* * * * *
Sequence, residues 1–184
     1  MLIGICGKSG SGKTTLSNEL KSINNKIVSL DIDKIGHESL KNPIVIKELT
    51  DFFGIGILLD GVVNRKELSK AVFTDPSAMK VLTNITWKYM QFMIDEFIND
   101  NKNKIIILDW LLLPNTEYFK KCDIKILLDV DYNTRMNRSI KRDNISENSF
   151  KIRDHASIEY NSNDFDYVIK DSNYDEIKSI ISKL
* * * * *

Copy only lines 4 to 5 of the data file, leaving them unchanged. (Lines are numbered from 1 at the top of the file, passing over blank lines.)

   101  NKNKIIILDW LLLPNTEYFK KCDIKILLDV DYNTRMNRSI KRDNISENSF
   151  KIRDHASIEY NSNDFDYVIK DSNYDEIKSI ISKL